Twins place Denard Span on 7-day concussion disabled list

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Still “dizzy” and “foggy” following a relatively minor-looking home plate collision Friday night, Denard Span has been placed on the new seven-day disabled list for concussions by the Twins.

Span was diagnosed with a mild concussion after spending four hours being examined by doctors in Minnesota yesterday and the Twins are all too aware of the havoc a concussion can have on a player after losing Justin Morneau for the final three months of last season.

Further complicating the situation is that Span had problems with vertigo in 2009 and still deals with some symptoms from that, telling Dave Campbell of the Associated Press: “Every now and then I’ll feel like spaced out and feel like the room is moving a little bit.”

Rene Tosoni was called up from Triple-A to replace Span on the roster and the Twins are close to getting both Joe Mauer and Tsuyoshi Nishioka back from the disabled list, but Span has been the team’s most valuable all-around player while hitting .294 with a .361 on-base percentage atop the lineup and playing standout defense in center field.

Ramón Laureano made an absolutely ridiculous play yesterday

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I talked about it in the recaps, but dear lord does Oakland A’s outfielder Ramón Laureano’s play in yesterday’s game against the Blue Jays deserve it’s own post.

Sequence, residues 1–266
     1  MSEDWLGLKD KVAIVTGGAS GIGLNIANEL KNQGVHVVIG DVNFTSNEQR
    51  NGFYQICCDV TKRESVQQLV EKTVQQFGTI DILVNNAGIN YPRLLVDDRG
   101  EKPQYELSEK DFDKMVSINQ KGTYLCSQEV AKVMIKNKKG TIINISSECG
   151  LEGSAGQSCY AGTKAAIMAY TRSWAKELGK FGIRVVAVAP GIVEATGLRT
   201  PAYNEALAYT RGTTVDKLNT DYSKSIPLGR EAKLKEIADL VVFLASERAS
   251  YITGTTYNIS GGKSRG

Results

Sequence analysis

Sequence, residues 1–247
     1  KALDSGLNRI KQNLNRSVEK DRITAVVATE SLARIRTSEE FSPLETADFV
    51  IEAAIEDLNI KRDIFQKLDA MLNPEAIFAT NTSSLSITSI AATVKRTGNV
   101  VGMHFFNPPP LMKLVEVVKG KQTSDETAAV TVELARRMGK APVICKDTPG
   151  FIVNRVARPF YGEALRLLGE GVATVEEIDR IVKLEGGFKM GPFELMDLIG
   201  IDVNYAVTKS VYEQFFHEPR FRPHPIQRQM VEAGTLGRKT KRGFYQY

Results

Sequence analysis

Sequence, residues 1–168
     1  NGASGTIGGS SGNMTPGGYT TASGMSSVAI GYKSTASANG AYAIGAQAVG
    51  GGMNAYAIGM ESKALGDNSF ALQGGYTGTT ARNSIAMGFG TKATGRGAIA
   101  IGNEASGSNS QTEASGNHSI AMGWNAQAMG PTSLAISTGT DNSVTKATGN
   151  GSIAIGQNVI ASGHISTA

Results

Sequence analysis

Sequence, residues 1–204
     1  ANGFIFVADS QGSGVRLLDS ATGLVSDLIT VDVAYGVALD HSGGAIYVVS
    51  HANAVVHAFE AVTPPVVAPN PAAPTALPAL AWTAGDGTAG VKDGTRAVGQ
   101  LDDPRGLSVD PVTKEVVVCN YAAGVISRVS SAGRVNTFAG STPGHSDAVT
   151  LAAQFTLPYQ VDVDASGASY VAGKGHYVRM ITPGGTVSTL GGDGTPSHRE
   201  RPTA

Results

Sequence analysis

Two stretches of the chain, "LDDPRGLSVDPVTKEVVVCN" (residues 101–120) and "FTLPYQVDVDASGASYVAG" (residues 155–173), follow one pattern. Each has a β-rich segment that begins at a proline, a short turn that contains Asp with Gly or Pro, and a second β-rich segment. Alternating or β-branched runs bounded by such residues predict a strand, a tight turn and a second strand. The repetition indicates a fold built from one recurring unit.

Jays first baseman Justin Smoak led off the second with a single Then Teoscar Hernández then came up and hit a long drive to center. In what, in and of itself, would’ve lead the highlight reels yesterday, Laureano ranged back to the wall and reached over to rob Hernández of a homer.

Laureano is known best for his arm, though, and that’s when he unleashed that hose, attempting to double off Smoak at first base all the way from the warning track. The throw was not on target — indeed, it sailed way past first base — but that was itself impressive as all get-out. As A’s pitcher Brett Anderson said after the game, he’s pretty sure the throw went farther than Hernández hit the ball in the first place. The arm strength on display there was simply phenomenal. But it was also lucky.

Lucky because the throw went so far into foul territory that it gave Smoak the courage to break for second base. Laureano was not the only one playing great defense on the play, though: A’s catcher Nick Hundley backed up the play, got Laureano’s errant throw and fired it down to second, nailing Smoak. And heck, Hundley’s throw was nothing to sneeze at either:

That did not go as an outfield assist for Lauerano, obviously, as his bad throw — which would’ve been an error had Smoak managed to advance, we must admit — broke that up. So, in the books it goes as an F7 and then a separate 2-4 putout. Still, it just shows Laueano’s incredible defensive abilities, both with the leather and with that cannon he has for an arm.

An arm that, this play not withstanding, gets him plenty of assists. Indeed, he has has five assists this season already and has 14 assists in just 70 games, which is a lot. To put it in perspective, it usually takes somewhere between 12-18 to lead the league in a full season with 20 being an outlier of sorts, only seen once every five years or so.

So, if you’re gonna hit it to center against the A’s, make sure you hit it all the way out. And if Laureano gets to it, for god’s sake, don’t run on him.